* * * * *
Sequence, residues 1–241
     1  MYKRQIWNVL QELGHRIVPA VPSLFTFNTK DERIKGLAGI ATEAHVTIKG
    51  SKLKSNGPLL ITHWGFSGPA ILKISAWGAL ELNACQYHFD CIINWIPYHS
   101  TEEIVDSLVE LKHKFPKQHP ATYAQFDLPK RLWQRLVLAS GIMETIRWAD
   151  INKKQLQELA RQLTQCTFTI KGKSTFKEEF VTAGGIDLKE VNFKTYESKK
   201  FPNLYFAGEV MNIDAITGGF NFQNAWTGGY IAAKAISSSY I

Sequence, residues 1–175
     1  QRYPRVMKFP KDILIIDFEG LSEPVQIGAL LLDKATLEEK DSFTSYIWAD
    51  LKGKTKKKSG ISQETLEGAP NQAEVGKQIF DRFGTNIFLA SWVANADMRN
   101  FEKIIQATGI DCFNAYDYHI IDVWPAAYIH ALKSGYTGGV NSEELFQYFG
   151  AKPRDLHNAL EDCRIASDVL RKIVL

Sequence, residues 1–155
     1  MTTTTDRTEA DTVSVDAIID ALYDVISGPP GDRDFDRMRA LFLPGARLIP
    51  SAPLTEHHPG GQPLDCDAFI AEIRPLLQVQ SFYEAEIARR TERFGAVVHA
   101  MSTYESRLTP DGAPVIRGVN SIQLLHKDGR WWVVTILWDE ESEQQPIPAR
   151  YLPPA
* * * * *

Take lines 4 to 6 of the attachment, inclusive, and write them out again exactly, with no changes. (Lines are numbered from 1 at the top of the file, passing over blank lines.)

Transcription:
   101  TEEIVDSLVE LKHKFPKQHP ATYAQFDLPK RLWQRLVLAS GIMETIRWAD
   151  INKKQLQELA RQLTQCTFTI KGKSTFKEEF VTAGGIDLKE VNFKTYESKK
   201  FPNLYFAGEV MNIDAITGGF NFQNAWTGGY IAAKAISSSY I